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A Governor Addresses the Homeless Problem Because a Mayor Won't

It’s not just Los Angeles and San Francisco anymore. A number of large U.S. cities are seeing an influx of homeless people living on the city streets.
After several years of steady decline in the homeless population, it increased in 2017 and 2018, according to a study from the Department of Housing and Urban Development (HUD).
And the homeless are becoming increasingly visible and vocal in the largest cities—and, importantly, aggressive.
Ironically, the rise in homelessness comes at a time when unemployment is at historic lows, and millions of jobs are going unfilled.
USA Today recently reported on a data review by 24/7 Wall St. of that HUD report, estimating the number of homeless in the nation’s 50 largest cities.

New York City, Los Angeles, Chicago and Houston lead the pack. California has four in the top 15, but so does Texas—Houston, San Antonio, Dallas and especially Austin.
What nearly all of the largest cities have in common is they are run by left-leaning elected officials whose policies and willingness to ignore the problem has created an inner-city crisis.
For months we’ve heard story after story of San Francisco and LA streets overrun with feces, urine, trash, needles, rats and other vermin. While many of the homeless are non-violent, others harass and even assault passersby.
While the homeless must be treated humanely and with decency, they cannot be allowed to turn city streets into homeless camps. Fortunately, Texas Governor Gregg Abbott is trying to do something about it.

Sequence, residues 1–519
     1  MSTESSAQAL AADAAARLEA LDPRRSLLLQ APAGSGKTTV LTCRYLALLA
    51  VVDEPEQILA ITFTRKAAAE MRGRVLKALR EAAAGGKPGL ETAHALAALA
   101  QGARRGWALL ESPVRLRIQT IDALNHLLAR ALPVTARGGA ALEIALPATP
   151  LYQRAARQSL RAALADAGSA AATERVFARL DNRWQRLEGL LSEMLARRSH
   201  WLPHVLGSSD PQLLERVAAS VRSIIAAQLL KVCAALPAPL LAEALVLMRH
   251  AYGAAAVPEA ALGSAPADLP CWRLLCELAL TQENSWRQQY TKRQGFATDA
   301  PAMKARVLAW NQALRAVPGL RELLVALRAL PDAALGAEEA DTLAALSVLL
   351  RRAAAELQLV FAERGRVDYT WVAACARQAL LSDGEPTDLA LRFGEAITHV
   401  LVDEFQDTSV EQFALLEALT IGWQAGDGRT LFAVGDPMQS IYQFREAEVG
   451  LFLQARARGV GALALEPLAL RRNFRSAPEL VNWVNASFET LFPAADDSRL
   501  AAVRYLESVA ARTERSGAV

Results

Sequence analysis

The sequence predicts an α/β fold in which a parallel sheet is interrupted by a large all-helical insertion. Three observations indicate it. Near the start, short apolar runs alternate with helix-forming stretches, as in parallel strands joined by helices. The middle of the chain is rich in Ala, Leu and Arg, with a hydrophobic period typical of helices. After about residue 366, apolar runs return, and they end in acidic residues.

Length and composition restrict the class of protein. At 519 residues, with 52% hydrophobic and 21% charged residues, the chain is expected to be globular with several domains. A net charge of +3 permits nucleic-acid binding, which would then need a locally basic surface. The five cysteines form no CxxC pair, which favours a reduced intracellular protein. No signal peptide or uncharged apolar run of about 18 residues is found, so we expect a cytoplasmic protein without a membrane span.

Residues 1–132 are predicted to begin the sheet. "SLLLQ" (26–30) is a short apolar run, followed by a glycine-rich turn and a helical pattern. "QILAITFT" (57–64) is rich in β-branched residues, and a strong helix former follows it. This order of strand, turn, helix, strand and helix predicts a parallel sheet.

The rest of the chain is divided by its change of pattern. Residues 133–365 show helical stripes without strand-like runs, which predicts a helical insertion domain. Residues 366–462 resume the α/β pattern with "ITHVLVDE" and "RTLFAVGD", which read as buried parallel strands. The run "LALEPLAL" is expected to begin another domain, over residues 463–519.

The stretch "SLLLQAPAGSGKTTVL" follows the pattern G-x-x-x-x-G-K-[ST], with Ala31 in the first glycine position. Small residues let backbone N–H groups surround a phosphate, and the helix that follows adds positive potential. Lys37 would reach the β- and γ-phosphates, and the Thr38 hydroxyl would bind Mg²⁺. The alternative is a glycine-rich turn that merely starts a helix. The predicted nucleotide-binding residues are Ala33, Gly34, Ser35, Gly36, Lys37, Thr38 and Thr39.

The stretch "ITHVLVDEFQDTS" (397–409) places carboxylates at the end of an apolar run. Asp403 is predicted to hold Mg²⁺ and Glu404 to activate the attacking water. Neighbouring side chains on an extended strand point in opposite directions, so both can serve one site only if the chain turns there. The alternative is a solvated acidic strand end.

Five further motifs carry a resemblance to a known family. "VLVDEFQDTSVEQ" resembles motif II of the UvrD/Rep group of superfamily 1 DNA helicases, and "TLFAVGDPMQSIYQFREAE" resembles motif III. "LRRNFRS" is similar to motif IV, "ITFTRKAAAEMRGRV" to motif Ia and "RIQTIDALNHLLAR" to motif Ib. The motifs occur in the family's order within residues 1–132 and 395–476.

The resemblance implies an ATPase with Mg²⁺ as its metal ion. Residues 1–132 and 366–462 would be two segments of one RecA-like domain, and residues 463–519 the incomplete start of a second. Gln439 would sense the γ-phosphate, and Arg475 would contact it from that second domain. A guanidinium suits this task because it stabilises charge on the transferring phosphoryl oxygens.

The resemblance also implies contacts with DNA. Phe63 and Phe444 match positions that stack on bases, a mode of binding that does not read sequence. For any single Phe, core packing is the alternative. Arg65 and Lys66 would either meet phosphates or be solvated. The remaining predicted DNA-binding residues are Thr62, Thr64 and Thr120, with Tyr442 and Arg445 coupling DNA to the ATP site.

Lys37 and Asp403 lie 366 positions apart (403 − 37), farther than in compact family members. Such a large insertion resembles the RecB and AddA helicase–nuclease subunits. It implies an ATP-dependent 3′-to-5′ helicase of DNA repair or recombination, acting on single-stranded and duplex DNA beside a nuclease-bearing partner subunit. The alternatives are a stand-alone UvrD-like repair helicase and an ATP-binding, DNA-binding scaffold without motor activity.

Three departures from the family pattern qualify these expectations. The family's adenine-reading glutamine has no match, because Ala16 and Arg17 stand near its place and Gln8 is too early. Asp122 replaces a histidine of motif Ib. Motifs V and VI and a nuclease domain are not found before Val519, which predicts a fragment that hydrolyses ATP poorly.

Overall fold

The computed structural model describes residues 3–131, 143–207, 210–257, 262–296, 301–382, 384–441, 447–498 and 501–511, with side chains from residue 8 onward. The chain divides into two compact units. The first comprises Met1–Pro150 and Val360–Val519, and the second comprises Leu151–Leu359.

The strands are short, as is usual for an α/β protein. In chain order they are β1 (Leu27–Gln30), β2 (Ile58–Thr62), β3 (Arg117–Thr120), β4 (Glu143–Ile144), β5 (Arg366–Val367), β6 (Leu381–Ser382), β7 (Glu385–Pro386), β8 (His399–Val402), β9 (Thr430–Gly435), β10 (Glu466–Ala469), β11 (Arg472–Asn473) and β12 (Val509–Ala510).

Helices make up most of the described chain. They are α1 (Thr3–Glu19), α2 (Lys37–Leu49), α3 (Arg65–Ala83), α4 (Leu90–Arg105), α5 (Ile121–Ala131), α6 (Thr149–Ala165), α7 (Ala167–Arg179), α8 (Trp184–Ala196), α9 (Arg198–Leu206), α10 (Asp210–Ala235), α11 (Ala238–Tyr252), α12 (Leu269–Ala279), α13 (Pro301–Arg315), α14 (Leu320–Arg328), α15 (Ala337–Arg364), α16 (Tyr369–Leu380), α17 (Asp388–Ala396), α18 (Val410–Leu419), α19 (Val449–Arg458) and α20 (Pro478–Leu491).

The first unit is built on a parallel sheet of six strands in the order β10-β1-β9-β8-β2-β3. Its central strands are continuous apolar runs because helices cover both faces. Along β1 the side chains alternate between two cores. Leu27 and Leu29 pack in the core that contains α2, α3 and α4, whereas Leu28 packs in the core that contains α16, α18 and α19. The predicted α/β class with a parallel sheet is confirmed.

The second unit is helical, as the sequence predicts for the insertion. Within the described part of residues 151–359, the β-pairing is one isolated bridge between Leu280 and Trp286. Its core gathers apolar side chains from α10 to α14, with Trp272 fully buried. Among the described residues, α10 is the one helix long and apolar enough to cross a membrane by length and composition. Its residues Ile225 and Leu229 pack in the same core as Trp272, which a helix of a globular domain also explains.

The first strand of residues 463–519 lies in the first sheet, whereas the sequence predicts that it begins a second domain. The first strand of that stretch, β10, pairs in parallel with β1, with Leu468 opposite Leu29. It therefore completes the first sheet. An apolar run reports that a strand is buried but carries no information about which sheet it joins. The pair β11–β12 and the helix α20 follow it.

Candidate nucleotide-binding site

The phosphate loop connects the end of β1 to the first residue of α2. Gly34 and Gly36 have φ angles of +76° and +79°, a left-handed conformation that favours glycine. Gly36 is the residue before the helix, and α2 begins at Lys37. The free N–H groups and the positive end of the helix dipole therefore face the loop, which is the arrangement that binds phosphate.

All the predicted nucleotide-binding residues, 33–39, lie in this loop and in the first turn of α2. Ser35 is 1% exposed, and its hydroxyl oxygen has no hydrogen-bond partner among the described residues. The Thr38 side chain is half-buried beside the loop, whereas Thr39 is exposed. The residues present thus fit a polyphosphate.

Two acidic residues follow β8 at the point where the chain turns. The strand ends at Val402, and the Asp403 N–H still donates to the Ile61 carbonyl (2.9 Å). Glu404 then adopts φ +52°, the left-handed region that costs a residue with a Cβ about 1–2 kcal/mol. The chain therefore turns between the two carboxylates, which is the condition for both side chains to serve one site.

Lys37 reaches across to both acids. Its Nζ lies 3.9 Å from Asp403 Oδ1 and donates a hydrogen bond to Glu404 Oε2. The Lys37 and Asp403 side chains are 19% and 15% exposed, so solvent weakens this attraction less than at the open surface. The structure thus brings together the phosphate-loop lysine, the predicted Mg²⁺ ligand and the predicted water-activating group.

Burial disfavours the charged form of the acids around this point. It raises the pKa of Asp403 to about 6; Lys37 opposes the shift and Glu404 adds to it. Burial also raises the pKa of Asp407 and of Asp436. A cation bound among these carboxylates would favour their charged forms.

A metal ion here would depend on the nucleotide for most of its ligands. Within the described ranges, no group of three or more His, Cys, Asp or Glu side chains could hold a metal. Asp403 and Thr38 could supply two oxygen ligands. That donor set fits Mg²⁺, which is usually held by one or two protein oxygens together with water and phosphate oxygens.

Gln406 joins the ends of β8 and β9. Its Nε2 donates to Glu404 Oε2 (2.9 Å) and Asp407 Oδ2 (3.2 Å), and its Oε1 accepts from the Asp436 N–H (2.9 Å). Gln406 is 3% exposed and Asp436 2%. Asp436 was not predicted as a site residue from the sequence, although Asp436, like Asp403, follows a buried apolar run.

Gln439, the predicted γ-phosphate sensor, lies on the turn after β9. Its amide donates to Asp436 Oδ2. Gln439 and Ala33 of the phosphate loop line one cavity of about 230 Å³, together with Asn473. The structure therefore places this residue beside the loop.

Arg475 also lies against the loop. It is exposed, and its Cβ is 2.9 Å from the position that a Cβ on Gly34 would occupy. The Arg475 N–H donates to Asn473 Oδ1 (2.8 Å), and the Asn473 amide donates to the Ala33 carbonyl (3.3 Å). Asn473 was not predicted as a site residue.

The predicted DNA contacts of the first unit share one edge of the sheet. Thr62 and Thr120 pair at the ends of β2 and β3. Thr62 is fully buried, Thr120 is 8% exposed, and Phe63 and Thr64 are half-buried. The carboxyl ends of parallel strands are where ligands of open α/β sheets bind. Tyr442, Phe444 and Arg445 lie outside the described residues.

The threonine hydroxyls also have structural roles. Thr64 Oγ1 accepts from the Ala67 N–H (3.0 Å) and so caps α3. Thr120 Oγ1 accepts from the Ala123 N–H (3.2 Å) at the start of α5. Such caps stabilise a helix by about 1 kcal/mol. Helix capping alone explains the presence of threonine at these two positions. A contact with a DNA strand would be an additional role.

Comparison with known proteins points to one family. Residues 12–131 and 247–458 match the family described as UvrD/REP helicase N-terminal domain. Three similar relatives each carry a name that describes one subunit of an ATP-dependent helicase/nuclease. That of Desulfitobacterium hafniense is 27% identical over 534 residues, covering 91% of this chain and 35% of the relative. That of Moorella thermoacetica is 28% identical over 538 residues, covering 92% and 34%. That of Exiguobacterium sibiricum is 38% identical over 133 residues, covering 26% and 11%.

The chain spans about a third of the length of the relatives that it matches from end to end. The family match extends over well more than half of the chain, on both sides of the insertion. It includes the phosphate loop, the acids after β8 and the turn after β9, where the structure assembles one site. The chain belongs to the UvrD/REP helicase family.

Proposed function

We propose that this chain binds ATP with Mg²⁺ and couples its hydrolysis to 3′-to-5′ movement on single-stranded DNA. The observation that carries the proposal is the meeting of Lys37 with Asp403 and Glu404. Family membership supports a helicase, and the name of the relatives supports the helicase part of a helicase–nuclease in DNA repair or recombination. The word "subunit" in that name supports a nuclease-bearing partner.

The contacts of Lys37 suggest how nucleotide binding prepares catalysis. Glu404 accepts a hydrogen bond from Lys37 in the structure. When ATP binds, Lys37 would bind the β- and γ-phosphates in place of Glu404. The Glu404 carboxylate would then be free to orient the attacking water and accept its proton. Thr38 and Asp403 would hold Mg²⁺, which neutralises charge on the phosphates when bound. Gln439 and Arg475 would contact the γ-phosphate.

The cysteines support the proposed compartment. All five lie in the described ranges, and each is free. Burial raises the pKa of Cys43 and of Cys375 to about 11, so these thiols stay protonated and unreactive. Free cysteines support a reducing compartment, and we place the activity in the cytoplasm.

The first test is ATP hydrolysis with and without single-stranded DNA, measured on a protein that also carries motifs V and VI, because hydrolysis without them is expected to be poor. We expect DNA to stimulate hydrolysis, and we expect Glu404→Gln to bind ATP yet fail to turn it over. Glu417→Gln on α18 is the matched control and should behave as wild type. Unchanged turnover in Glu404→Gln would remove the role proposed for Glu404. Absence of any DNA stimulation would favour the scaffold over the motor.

The governor recently sent a letter to Austin Mayor Steve Adler and the Austin City Council demanding they address the problem by November 1. If they do not take action, the governor plans to deal with the problem:
As you know, Texans are increasingly lodging serious complaints stemming from the City of Austin’s policy about camping in public areas and sleeping on the streets. According to news reports, businesses have struggled to keep people from sleeping on sidewalks, sometimes with violent results. Growing homeless encampments adjacent to roadways put lives at risk by endangering the flow of traffic. Feces and used needles have reportedly started accumulating at alarming rates. …
As the Governor of Texas, I have the responsibility to protect the health and safety of all Texans, including Austin residents. Further inaction by you and the Austin City Council will leave me no choice other than to use the tools available to the State of Texas to ensure that people are protected from health and safety concerns caused by Austin’s homelessness policies.
Mayors consider it a violation of local control when their state elected officials threaten to take action that the mayors refuse to take.

But the states are well within their rights to do so.  And it appears that Abbott intends to exercise that prerogative.